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Here in New York, industrial development agencies (IDAs) are one of main job creation mechanisms for local communities.In 2009, IDAs gave away close to half a billion dollars in tax breaks to companies in the name of economic development.IDAs are known as "public benefit corporations" - they're supposed to help their local communities, and create jobs.But in their four decades of existence, they've been accused of everything from failing to comply with state laws, to simply being inefficient.You can follow the Innovation Trail's investigation into how IDAs spend your tax dollars by subscribing to the RSS feed on the right.

Regulator will look into job shifting charge in Monroe County

Marie Cusick
Lots of yummy bits in your Trail Mix this morning - including yogurt!

Today in your Trail Mix:

A campaign for more oversight of taxpayer funds used by industrial development agencies.

Another victory for home rule in a municipal drilling ban.

The debate over an underwater transmission line from Canada.



A coalition of labor groups is pushing for the Authorities Budget Office (ABO) to investigate what they say is job shifting on behalf of the Monroe County IDA (Zack Seward, WXXI/Innovation Trail). Here's a refresher on IDAs.

The ABO says it'll at least look into the charges (Matthew Daneman, Democrat and Chronicle).

Amending New York's constitution to legalize gambling and rewrite legislative districts ain't easy (Jon Campbell, Gannett).

A new state program helps businesses hire disadvantaged youth - and keep young jobseekers on track (Daniel Robison, WNED/Innovation Trail).

WXXI's 1370 Connection hosted a conversation about the proposal to raise the state's minimum age [AUDIO].

The lieutenant governor took the Cuomo administration's mandate relief plan to Syracuse (Ryan Delaney, WRVO, Innovation Trail).

Why the governor's two percent tax cap doesn't add up to two percent (Elizabeth Doran, Post-Standard).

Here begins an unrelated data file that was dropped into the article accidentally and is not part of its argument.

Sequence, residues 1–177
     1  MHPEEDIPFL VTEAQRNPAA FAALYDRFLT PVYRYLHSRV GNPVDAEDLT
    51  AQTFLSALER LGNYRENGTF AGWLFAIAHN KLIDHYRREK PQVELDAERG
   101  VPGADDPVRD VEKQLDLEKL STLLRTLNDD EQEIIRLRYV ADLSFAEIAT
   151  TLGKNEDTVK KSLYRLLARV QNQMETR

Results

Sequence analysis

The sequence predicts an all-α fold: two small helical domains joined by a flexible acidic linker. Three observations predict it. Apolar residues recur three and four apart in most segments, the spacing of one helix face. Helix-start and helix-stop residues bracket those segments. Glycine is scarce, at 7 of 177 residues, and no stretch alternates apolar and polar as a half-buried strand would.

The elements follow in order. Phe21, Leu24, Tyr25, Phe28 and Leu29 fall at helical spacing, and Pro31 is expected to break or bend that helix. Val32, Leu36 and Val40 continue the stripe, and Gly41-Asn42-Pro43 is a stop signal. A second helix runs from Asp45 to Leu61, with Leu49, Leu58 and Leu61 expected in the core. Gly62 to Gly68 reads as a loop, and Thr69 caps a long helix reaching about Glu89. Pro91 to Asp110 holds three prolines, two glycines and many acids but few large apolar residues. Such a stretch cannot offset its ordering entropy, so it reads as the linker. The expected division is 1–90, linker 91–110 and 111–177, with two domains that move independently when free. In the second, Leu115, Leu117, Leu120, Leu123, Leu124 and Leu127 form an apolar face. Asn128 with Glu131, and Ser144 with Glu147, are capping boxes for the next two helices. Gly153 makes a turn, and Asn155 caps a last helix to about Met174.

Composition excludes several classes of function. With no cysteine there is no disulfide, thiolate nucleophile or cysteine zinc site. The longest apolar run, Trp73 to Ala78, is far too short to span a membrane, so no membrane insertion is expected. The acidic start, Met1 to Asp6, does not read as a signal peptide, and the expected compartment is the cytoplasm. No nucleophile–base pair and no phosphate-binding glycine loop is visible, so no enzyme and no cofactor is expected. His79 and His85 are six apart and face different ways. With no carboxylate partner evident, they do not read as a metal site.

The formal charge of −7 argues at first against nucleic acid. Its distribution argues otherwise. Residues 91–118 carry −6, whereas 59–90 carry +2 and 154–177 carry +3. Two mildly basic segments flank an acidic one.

A landowner who sued to lift a fracking ban in the Town of Middlefield has lost - the second time in a week that judges have ruled in favor of home rule.  Both decisions are likely to be challenged or appealed (Jon Campbell, Gannett).

Landowners in the Delaware River basin are getting antsy for a regulatory body to make a decision about drilling (Susan Phillips, State Impact PA).

Penn State predicts the "dry" gas that's abundant in Pennsylvania is "overmature" and won't be in very high demand in the future (Steve Israel, Times Herald-Record).

Congratulations to the Pittsburgh Post-Gazette for its Pipeline website, which has been recognized by the American Business Editors and Writers as the "best blog" for its coverage of drilling in the Marcellus Shale.


PepsiCo has inked a deal with Empire State Development to bring a German yogurt firm to a Batavia site, joining Chobani and Fage in New York's yogurt economy (Thomas Kaplan, City Room).

Syracuse's economic development organization is revamping its annual business show (Rick Seltzer, Central New York Business Journal).

Jon Gertner mourns for the old days of Bell Labs and its "move deliberatly and build things" approach in an op-ed in The New York Times.

A Buffalo business organization says the closure of a post office risks the region's direct mail business (Mike Desmond, WNED).

Maple syrup producers are taking a risk and tapping their trees early (Matt Hayes, Star-Gazette).


Upstate power producers are upset about a proposal to run Canadian hydropower directly from Quebec to New York City (Larry Rulison, Times Union).

Going green requires "generational commitment" to make it affordable (read: big subsidies) (David Robinson, Buffalo News).

Rust Belt livin’

Rust Wire gives us a look at "Rust Belt Chic."

Interracial couples find themselves welcomed in Rochester (Todd Clausen, Democrat and Chronicle).

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